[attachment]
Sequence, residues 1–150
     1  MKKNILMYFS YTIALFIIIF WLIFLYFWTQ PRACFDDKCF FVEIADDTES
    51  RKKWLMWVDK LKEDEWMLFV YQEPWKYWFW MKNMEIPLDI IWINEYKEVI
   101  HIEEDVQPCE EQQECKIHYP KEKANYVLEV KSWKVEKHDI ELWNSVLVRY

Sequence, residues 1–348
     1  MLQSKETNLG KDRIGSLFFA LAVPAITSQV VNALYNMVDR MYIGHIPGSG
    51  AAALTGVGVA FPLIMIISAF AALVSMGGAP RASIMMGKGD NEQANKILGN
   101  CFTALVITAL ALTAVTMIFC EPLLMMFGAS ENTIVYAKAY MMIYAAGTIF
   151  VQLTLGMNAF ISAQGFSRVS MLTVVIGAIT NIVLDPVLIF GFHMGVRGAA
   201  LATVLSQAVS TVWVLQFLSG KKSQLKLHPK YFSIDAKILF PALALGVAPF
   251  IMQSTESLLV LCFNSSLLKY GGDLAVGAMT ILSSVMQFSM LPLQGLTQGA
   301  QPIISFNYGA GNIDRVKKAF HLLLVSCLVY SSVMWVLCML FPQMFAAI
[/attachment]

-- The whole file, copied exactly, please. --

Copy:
Sequence, residues 1–150
     1  MKKNILMYFS YTIALFIIIF WLIFLYFWTQ PRACFDDKCF FVEIADDTES
    51  RKKWLMWVDK LKEDEWMLFV YQEPWKYWFW MKNMEIPLDI IWINEYKEVI
   101  HIEEDVQPCE EQQECKIHYP KEKANYVLEV KSWKVEKHDI ELWNSVLVRY

Sequence, residues 1–348
     1  MLQSKETNLG KDRIGSLFFA LAVPAITSQV VNALYNMVDR MYIGHIPGSG
    51  AAALTGVGVA FPLIMIISAF AALVSMGGAP RASIMMGKGD NEQANKILGN
   101  CFTALVITAL ALTAVTMIFC EPLLMMFGAS ENTIVYAKAY MMIYAAGTIF
   151  VQLTLGMNAF ISAQGFSRVS MLTVVIGAIT NIVLDPVLIF GFHMGVRGAA
   201  LATVLSQAVS TVWVLQFLSG KKSQLKLHPK YFSIDAKILF PALALGVAPF
   251  IMQSTESLLV LCFNSSLLKY GGDLAVGAMT ILSSVMQFSM LPLQGLTQGA
   301  QPIISFNYGA GNIDRVKKAF HLLLVSCLVY SSVMWVLCML FPQMFAAI